How do Stakeholders Perceive Labor Nurses' Influence on Birth Outcomes?


Audrey Lyndon, Kathleen Rice Simpson and Joanne Spetz

April 21, 2017


Childbirth is a leading reason for hospital admission in the USA, and most labor care is provided by registered nurses under physician or midwife supervision in a nurse-managed care model. Yet, there are no validated quality measures for maternity care that are thoughtful about the role of nurses. In this paper primary stakeholders of maternity care were engaged in identifying the aspects of nursing care during labor and birth they believe influence birth outcomes, and how these aspects of care might be measured.


This qualitative study used 15 focus groups to explore perceptions of 73 nurses, 23 new mothers and nine physicians regarding important aspects of care. Transcripts were analyzed thematically. Participants in the final six focus groups were also asked whether or not they thought each of five existing perinatal quality measures were nurse-sensitive.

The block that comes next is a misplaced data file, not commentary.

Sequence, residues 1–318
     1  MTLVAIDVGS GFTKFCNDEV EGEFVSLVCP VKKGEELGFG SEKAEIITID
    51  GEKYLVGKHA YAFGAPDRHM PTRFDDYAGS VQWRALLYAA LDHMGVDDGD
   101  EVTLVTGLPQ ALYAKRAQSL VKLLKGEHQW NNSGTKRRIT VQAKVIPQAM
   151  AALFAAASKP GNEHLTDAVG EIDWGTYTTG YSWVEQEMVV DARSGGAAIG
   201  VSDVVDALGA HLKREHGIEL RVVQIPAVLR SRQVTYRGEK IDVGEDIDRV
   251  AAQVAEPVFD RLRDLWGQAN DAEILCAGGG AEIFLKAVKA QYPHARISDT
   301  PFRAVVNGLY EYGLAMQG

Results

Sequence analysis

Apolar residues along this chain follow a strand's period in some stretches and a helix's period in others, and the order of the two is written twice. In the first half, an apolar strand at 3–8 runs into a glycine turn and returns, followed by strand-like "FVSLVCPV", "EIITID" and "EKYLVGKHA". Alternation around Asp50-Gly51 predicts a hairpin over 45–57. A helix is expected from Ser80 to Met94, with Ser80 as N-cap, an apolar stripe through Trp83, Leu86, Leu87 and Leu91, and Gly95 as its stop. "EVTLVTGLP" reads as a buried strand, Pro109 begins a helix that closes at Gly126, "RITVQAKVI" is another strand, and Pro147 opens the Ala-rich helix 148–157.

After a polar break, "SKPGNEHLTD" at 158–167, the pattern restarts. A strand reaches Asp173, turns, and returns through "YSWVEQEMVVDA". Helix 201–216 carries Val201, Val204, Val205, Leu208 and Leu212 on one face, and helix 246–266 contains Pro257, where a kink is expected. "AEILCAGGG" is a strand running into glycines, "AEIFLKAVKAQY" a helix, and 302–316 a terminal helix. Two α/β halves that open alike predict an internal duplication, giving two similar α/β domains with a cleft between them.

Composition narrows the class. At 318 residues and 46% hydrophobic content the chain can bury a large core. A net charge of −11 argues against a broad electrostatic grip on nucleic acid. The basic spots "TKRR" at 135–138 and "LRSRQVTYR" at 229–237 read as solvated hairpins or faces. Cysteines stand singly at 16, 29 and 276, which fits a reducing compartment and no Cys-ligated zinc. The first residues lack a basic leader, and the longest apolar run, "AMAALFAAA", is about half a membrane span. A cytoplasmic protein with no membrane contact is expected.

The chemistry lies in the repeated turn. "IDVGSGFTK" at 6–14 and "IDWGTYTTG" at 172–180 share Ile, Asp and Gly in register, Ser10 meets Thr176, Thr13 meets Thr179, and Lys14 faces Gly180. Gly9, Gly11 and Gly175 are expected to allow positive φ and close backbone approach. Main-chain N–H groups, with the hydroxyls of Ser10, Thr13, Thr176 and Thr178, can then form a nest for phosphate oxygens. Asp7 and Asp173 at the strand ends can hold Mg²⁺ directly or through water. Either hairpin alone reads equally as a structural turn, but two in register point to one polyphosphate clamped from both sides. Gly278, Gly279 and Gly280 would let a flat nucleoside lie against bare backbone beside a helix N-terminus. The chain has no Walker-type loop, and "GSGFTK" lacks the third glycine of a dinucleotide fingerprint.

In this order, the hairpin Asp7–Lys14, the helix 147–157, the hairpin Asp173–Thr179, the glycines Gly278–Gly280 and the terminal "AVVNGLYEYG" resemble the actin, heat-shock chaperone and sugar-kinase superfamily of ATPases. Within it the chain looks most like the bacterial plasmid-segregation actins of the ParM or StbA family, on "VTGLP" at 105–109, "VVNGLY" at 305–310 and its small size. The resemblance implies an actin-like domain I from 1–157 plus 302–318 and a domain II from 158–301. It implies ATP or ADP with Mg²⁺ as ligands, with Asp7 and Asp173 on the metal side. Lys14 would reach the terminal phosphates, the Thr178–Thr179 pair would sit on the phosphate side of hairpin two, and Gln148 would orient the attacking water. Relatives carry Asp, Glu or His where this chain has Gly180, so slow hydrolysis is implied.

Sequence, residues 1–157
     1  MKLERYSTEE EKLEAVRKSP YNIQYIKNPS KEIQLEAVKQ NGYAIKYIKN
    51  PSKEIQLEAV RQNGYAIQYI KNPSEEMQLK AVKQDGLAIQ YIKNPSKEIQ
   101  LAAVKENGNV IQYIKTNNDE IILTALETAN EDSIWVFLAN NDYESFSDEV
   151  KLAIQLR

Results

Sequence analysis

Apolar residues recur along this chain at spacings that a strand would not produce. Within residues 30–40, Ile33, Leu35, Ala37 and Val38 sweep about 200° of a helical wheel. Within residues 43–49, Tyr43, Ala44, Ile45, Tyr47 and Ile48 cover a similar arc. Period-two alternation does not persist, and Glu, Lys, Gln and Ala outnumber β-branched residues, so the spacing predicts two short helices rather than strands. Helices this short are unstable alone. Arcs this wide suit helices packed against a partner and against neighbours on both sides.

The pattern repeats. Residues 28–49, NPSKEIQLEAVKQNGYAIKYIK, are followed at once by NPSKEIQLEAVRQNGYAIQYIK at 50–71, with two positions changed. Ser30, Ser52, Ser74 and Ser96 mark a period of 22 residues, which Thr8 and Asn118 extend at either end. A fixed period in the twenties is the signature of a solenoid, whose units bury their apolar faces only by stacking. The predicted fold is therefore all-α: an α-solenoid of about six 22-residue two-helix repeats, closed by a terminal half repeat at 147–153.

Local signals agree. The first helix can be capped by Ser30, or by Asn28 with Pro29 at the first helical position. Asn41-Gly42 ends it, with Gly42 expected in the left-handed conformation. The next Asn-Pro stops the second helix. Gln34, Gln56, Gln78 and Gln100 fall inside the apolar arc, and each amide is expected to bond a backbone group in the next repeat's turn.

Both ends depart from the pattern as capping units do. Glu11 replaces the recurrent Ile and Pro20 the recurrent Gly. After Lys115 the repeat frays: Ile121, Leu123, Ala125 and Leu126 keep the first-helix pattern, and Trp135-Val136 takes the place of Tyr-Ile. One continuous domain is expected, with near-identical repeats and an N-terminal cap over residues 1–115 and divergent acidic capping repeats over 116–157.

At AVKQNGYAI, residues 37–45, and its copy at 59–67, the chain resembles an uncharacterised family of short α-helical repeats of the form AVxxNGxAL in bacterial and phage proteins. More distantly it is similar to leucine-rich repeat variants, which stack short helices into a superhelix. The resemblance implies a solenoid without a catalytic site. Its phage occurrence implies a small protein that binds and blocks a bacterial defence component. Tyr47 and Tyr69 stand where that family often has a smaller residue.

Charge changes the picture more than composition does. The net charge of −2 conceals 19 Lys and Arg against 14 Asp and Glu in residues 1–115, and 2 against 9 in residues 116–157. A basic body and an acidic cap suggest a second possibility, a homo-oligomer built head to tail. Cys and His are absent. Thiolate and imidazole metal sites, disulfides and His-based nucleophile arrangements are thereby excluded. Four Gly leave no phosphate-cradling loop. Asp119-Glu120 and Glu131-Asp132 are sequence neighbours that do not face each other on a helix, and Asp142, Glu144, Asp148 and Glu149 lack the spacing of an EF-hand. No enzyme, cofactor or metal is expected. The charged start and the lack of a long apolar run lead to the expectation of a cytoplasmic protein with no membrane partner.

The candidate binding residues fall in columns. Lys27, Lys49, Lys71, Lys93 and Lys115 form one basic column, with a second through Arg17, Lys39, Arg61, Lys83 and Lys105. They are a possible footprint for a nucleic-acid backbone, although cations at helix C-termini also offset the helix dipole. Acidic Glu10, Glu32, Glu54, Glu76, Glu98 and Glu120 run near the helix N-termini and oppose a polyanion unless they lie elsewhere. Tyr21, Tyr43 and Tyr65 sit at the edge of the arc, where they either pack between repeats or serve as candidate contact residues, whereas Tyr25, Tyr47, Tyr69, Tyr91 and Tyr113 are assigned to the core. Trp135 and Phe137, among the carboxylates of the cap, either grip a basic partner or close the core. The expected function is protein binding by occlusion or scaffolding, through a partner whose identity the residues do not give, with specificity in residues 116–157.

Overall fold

Nurses, new mothers and physicians identified nurses' support of and advocacy for women as important to birth outcomes. Support and advocacy actions included keeping women and their family members informed, being present with women, setting the emotional tone, knowing and advocating for women's wishes and avoiding caesarean birth. Mothers and nurses took technical aspects of care for granted, whereas physicians discussed this more explicitly, noting that nurses were their ‘eyes and ears’ during labor. Participants endorsed caesarean rates and breastfeeding rates as likely to be nurse-sensitive.


Stakeholder values support inclusion of maternity nursing care quality measures related to emotional support and providing information in addition to physical support and clinical aspects of care. Care models that ensure labor nurses have sufficient time and resources to engage in the supportive relationships that women value might contribute to better health outcomes and improved patient experience.